Susan Tompor: Are you playing too close to the edge with finances?
Richard Drew, Associated Press
The government came close to bumping into its debt ceiling, but was saved last week by a last-minute deal to avert a default. Even so, perhaps consumers should consider if they’re edging closer to the brink, too, when it comes to their own finances.
Bickering, much like what we’ve been watching in Washington, D.C., is definitely a clue that you’ve got money trouble. Are you fighting over who gets to pay for dinner? Maybe who should get stuck with all the bills?
On the plus side, several economists say that overall many consumers — with the exception of a group building an arsenal of student loan debt — seem far more on track than before the recession.
“It seems like consumers, on average, they’re taking the right steps,” said David Nice, associate economist for Mesirow Financial in Chicago.
Borrowing to replace a broken refrigerator is one thing, Nice pointed out, but taking on a large amount of credit card debt to simply upgrade all the appliances is another — and many consumers aren’t going that far.
“It’s not like we’re in a boom here with everybody out there buying whatever they want,” Nice said.
Overall, consumers tend to be moving cautiously in part because wage gains are sluggish and the job market is far from robust.
Outstanding consumer credit grew by $13.6 billion in August, but the bulk of the increase is associated with student loans backed by the federal government. The figure does not include mortgage debt; it does include credit cards and fixed lines of credit like student loans and car loans. Total household debt hit $12.9 trillion in the second quarter of 2013.
Mark Zandi, chief economist for Moody’s Analytics, said household debt outstanding is effectively flat — mortgage debt is falling, but student and auto loan debt is rising.
“Bottom line is that households remain very cautious in increasing their borrowing and leverage,” Zandi said.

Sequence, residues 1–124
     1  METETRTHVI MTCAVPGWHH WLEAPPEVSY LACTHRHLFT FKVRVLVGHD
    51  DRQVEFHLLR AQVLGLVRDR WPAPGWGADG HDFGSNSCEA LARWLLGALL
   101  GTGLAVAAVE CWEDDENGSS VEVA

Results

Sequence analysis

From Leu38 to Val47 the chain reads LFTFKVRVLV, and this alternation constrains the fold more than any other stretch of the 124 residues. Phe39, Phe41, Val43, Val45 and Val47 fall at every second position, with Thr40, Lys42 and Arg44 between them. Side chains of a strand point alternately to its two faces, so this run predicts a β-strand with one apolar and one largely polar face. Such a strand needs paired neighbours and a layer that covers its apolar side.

Plenty of individuals, of course, lost jobs or saw paychecks cut. And many people remain too close to the edge when it comes to debt. So it can help to review the signs, especially as the calendar moves closer to the holidays and many may be tempted to borrow.
—As for college debt? What are signs that you’re playing too close to the edge with your finances?
A really, really big sign is when you have absolutely no idea how much you’ve borrowed in student loans.
“A lack of awareness of the amount of debt leads to a lack of control over spending,” said Mark Kantrowitz of Edvisors.com.
Kantrowitz said there are other troubling signs: Do you need to borrow far beyond what is allowed through federal student loans and tap into private student loans and credit cards, too?
Are you borrowing more than $7,500 a year for undergraduate school?
Will your total student loan debt at graduation exceed your annual starting salary?
Kantrowitz said that about 10 percent of college grads with bachelor’s degrees have total student loan debt in excess of their starting salaries. Roughly 20 percent to 25 percent borrow more than $7,500 a year.
Again, not good signs.
Bad money management also includes using student loan money to eat out, buy concert tickets or buy new winter coats, too. You’re not distinguishing needs from wants.
Or are you borrowing enough money to go to school full-time but only taking a few classes on a part-time basis?
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